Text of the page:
The US too is changing within. It has had its first Black president. It now has a woman of Afro-Indian descent waiting in the wings as vice-president. Its national political leadership is increasingly a kaleidoscope of diasporas that gives their communities more reason to feel one with the United States. Americans of Indian origin have occupied gubernatorial mansions and many more are in the executive branches. Many more occupy high positions in academia, industry particularly in the new sunrise sector. Changing demographics also leads to changing attitudes, which reflect in a rearrangement of national goals and policies.
It should now be evident that the new rising countries will supplant Europe in the new global pecking order. This does not bode well for political relationships of any lasting nature in the future. The US has made clear that it wants greater engagement across the Pacific. Asia’s combined GDP despite the slowdown in Japan is still the highest in the world. By 2020, over 60 per cent of world GDP will be credited to it.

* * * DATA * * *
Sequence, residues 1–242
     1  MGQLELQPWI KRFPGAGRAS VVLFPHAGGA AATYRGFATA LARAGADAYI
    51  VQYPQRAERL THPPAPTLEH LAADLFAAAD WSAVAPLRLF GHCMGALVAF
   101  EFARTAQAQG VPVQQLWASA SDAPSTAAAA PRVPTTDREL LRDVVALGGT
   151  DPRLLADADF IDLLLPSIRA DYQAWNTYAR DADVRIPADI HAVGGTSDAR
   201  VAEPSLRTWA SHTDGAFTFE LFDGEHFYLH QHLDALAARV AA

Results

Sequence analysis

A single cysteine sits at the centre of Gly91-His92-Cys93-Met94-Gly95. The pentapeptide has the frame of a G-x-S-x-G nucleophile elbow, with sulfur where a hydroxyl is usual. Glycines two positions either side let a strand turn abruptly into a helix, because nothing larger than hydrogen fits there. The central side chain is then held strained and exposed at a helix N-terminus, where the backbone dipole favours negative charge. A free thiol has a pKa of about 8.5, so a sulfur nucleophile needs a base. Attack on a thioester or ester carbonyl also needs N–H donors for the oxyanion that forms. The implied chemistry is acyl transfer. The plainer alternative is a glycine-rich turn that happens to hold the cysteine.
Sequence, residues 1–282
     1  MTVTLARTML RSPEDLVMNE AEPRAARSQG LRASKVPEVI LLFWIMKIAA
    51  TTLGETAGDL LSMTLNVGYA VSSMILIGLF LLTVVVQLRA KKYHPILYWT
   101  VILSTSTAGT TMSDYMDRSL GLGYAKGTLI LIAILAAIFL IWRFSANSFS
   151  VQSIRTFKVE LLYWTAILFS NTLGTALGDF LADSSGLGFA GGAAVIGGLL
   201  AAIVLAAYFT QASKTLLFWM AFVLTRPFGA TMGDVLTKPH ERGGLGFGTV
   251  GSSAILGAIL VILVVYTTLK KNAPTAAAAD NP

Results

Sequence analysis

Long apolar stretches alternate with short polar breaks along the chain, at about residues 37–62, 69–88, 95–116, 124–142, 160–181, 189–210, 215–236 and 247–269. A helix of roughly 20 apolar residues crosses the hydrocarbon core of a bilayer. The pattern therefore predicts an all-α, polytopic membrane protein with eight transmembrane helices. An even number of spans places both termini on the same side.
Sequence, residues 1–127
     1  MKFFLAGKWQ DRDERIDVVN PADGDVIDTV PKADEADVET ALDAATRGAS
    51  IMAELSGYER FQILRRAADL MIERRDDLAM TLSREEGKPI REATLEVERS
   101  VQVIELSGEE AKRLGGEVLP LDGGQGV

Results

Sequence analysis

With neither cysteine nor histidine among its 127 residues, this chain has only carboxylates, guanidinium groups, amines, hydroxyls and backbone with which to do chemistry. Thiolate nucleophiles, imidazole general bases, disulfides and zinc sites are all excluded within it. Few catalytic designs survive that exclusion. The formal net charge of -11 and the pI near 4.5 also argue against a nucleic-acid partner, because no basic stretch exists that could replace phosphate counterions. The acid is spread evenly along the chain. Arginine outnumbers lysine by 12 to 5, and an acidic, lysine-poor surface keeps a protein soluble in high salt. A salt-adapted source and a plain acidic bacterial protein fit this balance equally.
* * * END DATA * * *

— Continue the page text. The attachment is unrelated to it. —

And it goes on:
As their role in the world economy grows and becomes dominant, both China and India will demand changes to accommodate their aspirations and interests. While China’s relationship with the US will remain adversarial, it will increasingly seek to balance the US with the EU. India, whose relationship with China is not likely to move even midway of the full spectrum from adversary to friend, might be drawn increasingly closer to the USA.